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Belshazzar's Feast
Rembrandt
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In his great dramatic painting, Rembrandt tells a story from the Old Testament (Daniel 5: 1–5, 25–8). The man in the gold cloak, enormous turban and tiny crown is Belshazzar, King of Babylon. His father had robbed the Temple of Jerusalem of all its sacred vessels. Using these to serve food at a feast, as Belshazzar does here, was seen as sacrilege.

In the middle of the party, a clap of thunder came as a warning. God’s hand appeared from a cloud and wrote in Hebrew script: ‘You have been weighed in the balance and found wanting.’ Within hours, Belshazzar was dead.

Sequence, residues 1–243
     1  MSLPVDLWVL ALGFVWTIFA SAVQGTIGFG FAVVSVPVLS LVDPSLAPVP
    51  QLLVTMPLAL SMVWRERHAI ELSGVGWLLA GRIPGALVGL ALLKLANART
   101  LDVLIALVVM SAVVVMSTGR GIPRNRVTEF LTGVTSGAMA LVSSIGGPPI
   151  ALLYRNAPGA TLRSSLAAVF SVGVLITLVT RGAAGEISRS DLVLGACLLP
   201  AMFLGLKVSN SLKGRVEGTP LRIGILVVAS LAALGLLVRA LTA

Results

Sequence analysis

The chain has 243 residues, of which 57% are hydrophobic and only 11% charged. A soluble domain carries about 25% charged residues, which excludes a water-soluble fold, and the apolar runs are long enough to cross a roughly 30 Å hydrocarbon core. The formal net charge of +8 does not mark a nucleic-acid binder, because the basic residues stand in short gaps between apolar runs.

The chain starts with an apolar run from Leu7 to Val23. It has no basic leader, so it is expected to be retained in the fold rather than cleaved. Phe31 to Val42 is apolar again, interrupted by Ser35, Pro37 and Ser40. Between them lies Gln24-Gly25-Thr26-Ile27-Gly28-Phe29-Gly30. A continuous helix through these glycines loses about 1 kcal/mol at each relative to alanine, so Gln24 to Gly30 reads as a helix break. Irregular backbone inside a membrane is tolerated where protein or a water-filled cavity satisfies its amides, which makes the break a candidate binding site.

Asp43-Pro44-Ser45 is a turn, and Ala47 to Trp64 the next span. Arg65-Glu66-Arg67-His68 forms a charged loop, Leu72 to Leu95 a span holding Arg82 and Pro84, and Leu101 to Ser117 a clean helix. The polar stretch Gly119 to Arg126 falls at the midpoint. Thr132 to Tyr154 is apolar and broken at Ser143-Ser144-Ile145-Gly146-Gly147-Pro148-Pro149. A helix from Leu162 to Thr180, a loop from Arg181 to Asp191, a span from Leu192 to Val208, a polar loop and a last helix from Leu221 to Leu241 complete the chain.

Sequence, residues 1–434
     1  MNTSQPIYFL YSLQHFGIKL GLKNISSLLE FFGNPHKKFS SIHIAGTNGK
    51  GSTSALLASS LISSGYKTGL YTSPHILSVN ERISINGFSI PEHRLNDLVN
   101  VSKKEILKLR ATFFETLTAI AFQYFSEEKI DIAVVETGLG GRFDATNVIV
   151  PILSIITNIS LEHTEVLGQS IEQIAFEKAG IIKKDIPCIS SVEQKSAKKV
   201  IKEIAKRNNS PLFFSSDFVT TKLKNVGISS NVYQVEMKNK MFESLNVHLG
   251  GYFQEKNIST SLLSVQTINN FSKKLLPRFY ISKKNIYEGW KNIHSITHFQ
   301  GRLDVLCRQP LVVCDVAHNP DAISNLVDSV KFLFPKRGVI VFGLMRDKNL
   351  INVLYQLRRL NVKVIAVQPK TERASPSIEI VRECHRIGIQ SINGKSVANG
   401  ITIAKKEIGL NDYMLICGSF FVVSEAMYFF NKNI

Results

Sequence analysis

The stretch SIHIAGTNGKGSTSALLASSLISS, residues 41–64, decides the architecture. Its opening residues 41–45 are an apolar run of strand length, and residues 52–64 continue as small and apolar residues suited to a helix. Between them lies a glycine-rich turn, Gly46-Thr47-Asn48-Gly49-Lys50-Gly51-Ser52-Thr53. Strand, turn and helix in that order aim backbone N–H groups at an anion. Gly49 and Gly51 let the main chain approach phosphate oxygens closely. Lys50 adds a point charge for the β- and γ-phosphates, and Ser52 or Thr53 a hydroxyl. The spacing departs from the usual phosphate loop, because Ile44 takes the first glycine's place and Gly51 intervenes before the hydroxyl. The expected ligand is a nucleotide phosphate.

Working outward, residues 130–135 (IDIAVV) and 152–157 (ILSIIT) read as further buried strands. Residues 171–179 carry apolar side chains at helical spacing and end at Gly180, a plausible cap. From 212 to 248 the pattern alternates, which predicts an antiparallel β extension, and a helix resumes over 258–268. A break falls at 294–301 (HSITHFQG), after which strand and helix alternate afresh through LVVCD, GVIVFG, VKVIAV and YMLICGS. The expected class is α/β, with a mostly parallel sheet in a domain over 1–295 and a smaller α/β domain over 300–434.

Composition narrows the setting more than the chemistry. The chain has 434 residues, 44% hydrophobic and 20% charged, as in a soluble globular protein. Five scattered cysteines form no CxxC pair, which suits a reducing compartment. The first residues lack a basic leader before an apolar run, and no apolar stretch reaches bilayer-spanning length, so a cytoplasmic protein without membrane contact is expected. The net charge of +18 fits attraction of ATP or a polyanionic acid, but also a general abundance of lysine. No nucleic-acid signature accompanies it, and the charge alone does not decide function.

In Amsterdam, churches were plain, but people had pictures, some of them religious, in their homes. Encouraged to read the Bible, they would have been familiar with Belshazzar’s fate and with the cautionary message of the story of a wicked king watched by heavenly eyes – like the piercing eyes of the recorder player looking out from the shadows.

Key facts
Artist Rembrandt
Artist dates 1606 - 1669
Full title Belshazzar's Feast
Date made about 1636-8
Medium and support Oil on canvas
Dimensions 167.6 x 209.2 cm
Inscription summary Signed; Dated
Acquisition credit Bought with a contribution from the Art Fund, 1964
Inventory number NG6350
Location in Gallery Room 24
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